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Truth is becoming an increasingly rare commodity in our world. Former US President Barack Obama certainly thinks so. In a speech in July 2018 celebrating Nelson Mandela’s 100th birthday, Obama took the opportunity to warn against a dire trajectory in world politics. The very idea of truth is being thrown out the window, and in its place, raw power is taking over. Obama identifies various factors. “Censorship and state control of media is on the rise.” Social media has become a tool for “promoting hatred and paranoia and propaganda and conspiracy theories”. People aren’t interested in reasoned debate; we simply “surround ourselves with opinions that validate what we already believe.” And because of this, nobody is calling politicians to account for their lies:
Unfortunately, too much of politics today seems to reject the very concept of objective truth. People just make stuff up, … We see the utter loss of shame among political leaders where they’re caught in a lie, and they just double down, and they lie some more. Politicians have always lied, but it used to be if you caught them lying, they’d be like, “Oh, man.” Now they just keep on lying.Barack Obama, “Obama’s South Africa speech, annotated”, The Washington Post (ed. Eugene Scott, 17 July 2018)
This is Obama’s take on the world. Truth is dying. And this situation may well have serious consequences for us all: in fact, it may destroy democracy itself.
Obama’s warnings ring true, don’t they? Unfortunately, it’s hard to see what can be done about it. After all, for at least half a century in schools and universities throughout the West, the idea of “objective truth” has been relentlessly dismantled and ridiculed. Generations have been taught that there are really no objective standards of right and wrong that apply to everyone. This idea has had its day. Truth is an individual thing. What’s true for me is different from what’s true for you. This is why there’s something a little strange about hearing a twenty-first century thinker and leader such as Obama talking about the loss of objective truth, almost as if it’s a new thing that’s happened since he left office. The idea isn’t new. But Obama is right, because there is something new. This loss of objective truth has permeated so far that it’s now starting to have serious consequences for the way we run our society. The students of the postmodernists have grown up and become majority voters and world leaders. They’ve learnt their lessons well, and they’re now running the world, with social media as the perfect tool for running it. They’ve learnt that there’s no such thing as objective truth. That means, logically, that there’s no such thing as a lie. The voters simply listen to the leaders they like to hear, and the leaders understand that their words are simply tools to achieve their goals of power and influence. Power, not truth, wins the day each time.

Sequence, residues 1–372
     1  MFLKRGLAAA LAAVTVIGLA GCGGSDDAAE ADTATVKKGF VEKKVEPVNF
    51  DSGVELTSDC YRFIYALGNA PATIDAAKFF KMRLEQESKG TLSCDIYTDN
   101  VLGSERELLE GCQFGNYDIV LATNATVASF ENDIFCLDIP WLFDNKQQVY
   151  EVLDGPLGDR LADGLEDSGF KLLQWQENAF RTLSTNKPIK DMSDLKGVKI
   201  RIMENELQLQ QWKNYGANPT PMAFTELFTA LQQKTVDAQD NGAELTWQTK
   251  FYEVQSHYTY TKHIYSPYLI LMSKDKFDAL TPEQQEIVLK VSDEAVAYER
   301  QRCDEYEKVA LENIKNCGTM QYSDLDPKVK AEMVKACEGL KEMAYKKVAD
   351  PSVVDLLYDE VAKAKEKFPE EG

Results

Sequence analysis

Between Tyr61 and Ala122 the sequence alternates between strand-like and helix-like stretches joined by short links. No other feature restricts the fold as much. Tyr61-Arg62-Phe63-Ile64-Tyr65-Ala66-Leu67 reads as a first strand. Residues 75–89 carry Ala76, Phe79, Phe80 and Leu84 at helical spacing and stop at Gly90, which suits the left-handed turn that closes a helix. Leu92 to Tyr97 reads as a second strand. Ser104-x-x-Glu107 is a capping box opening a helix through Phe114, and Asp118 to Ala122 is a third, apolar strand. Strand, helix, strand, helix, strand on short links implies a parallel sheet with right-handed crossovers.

The gospel of Jesus Christ stands in stark contrast to this situation. The gospel is itself a claim to objective truth. And it’s a truth that stands above us all. It’s a truth that humbles us, disciplines us, and severely limits our designs on power. We are all held accountable to this truth. And we can hold others accountable to the same truth. It’s not that there’s one truth for me, and another truth for you. There is a truth for us all. This means, of course, that there are lies. And Christians, says Paul, are people who don’t tell lies. They tell the truth. Especially to one another:
Therefore, having taken off lying, speak the truth—each one of you—with your neighbour, because we are members of one another.Ephesians 4:25
The truth of the gospel
In Ephesians, the fundamental “truth” is the truth of the gospel. Close to the start of his letter, Paul describes his readers as those who have heard and believed “the word of truth, the gospel of your salvation” (Ephesians 1:13). The gospel is the message about Jesus Christ. It proclaims that through Jesus’ death and resurrection, God has saved us from sin, death, and judgment. The gospel tells us that we’ve been humbled by God’s grace and can be confident in his love for us. This fundamental truth teaches us the truth about God, the truth about the world, and the truth about ourselves. So it changes everything about our lives—particularly our lives together as believers. Being a Christian means holding on to this truth and living it out. Rather than following false teachings, we need to be “speaking the truth in love” to one another, as members of Christ’s body (Ephesians 4:15). We are to learn and teach this to one another (Ephesians 4:21). We are also to change and grow, as we seek to live righteous lives, devoted to God, all based on this truth (Ephesians 4:24).
Speaking the truth
Truth, then, is foundational to who we are as Christians. That means that truth must permeate our relationships with one another, and especially our speech with one another. Paul says here: “speak the truth—each one of you—with your neighbour”. Paul is quoting here from the Old Testament book of Zechariah. Zechariah chapter 8 is a vision of God’s people as a community of truth. God promises that he will dwell with his people in a “true city” (verse 3) and that he will be their God “in truth and in righteousness” (verse 8). So God’s people should each “speak the truth” to their neighbour (verse 16) and “love truth and peace” (verse 19). If this is the case in Zechariah’s vision, how much more is it the case for those of us who are members of Christ’s body—those who are living in fulfilment of Zechariah’s vision! As Paul puts it here, “we are members of one another”. We belong to Christ—together. So truth is to permeate our lives and our relationships.